It is fall in Mongolia. In fact, it has snowed in Ulaanbaatar a few times already. A couple of weeks ago a group of our English students (Dr. Bayankhuu, wife, daughter, and nurse) took us hiking up the tallest mountain around Ulaanbaatar.
There were quite a few trees that had yellow leaves.
Naaraa had made khoshuurs--a traditional Mongolian food--for us to share. We also had cucumbers and tomatoes. We shared our tuna fish sandwiches (on home-made bread) with them and they seemed to like them.
These blue silk scarves are everywhere in Mongolia--they signify good wishes to the traveler.
We had some missionaries over to dinner and one of them was an artist. When we asked to see some of his pictures, he drew some. Can you recognize these?
A sunny day at Sukhbaatar Square, the Mongolian government building, and the Mongolian flag flying.
Our translator's little girl, Saikhanaa made us all paper crowns one day. She occasionally comes to work with her Mom and is fun to have around. She is in kindergarten.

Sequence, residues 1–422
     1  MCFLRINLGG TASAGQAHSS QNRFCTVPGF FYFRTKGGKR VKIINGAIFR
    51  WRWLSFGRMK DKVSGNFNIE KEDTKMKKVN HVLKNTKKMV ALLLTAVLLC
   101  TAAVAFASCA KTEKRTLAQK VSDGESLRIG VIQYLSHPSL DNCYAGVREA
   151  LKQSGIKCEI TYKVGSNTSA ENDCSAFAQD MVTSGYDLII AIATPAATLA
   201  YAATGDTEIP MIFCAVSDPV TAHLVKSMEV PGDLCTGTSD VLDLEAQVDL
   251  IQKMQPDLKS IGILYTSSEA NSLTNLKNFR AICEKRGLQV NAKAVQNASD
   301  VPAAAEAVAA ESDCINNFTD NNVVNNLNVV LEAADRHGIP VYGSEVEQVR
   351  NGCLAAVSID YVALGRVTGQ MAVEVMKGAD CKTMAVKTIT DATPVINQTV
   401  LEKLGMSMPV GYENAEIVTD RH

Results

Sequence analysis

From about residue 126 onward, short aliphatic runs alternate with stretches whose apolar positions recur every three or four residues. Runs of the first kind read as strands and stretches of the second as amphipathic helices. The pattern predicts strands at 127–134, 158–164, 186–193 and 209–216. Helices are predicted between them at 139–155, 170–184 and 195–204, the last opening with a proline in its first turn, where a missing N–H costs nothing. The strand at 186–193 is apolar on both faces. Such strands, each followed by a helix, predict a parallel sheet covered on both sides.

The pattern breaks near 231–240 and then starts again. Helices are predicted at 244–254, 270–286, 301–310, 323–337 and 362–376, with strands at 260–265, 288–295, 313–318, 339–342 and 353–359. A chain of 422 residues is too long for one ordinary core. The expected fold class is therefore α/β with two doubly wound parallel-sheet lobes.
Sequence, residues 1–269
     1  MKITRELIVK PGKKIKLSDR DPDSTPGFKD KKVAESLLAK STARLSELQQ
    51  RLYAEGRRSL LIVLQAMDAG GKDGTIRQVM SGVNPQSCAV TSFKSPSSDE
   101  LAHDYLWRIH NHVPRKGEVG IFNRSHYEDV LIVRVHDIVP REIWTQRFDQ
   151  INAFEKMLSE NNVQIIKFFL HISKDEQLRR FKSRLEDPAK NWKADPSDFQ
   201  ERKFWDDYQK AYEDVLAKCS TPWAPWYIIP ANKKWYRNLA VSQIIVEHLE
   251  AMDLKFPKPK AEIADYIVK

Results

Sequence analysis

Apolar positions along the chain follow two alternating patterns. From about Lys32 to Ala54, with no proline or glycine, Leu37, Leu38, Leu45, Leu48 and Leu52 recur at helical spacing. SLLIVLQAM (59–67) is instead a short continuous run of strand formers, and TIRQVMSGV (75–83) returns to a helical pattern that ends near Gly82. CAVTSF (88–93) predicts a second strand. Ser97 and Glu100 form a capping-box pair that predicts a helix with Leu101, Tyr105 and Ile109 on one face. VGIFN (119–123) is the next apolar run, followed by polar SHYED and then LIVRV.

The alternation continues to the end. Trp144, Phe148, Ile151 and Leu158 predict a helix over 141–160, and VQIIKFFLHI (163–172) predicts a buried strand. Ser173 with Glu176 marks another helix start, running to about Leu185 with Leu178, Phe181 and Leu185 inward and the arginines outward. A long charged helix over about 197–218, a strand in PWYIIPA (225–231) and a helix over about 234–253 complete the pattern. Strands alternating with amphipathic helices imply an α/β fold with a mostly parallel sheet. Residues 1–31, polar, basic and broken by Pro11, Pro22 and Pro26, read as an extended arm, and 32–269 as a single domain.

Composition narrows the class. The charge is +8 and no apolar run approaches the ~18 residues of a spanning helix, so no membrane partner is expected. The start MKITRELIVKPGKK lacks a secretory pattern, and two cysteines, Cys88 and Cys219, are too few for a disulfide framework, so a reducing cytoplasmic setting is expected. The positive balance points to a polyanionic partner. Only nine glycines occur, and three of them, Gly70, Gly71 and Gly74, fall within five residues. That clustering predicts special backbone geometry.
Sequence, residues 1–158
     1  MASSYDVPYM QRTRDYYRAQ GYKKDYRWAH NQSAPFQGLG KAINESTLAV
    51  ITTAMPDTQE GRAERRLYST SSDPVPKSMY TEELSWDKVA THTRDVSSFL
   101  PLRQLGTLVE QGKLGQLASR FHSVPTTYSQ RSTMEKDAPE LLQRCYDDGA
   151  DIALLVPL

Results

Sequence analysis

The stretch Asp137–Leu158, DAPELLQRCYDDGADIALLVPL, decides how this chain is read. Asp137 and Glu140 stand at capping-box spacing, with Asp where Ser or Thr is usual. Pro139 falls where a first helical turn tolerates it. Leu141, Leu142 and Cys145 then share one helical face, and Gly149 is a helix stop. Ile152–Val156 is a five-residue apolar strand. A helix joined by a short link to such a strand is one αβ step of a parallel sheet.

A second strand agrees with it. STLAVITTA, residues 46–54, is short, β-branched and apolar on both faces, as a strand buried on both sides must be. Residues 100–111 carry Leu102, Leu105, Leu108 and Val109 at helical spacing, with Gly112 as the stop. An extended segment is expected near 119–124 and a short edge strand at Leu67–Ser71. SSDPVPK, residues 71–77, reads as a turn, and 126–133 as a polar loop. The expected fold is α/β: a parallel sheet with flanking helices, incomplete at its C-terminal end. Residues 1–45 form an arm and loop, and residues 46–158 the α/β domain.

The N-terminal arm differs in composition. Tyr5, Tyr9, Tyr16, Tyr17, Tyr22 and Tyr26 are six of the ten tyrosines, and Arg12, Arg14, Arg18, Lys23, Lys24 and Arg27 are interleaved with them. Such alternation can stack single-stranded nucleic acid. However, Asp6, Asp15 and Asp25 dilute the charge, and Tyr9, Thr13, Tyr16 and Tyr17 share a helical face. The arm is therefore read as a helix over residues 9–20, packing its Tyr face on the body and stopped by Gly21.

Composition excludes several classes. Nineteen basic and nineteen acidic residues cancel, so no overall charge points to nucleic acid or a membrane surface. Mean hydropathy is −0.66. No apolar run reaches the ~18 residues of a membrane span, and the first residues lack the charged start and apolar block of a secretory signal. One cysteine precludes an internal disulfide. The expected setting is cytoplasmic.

We have probably done most of our travel in Mongolia and are now concentrating on teaching English. We have four classes at the Health Science University: Dental students, Pharmacology Students, Public Health Students, and Medical Technology students. Their ability with English varies a lot. We have to teach from their textbooks--and each is different, so it requires more preparation time than just teaching conversation. The students are fun and seem to enjoy our classes.
We got four new American Elders--the first to come in over a year. The saying, "There is nothing so constant as change," can surely be applied to Mongolia. Things are always changing here. We are learning flexibility and patience. The people are very special and working with them always makes it rewarding.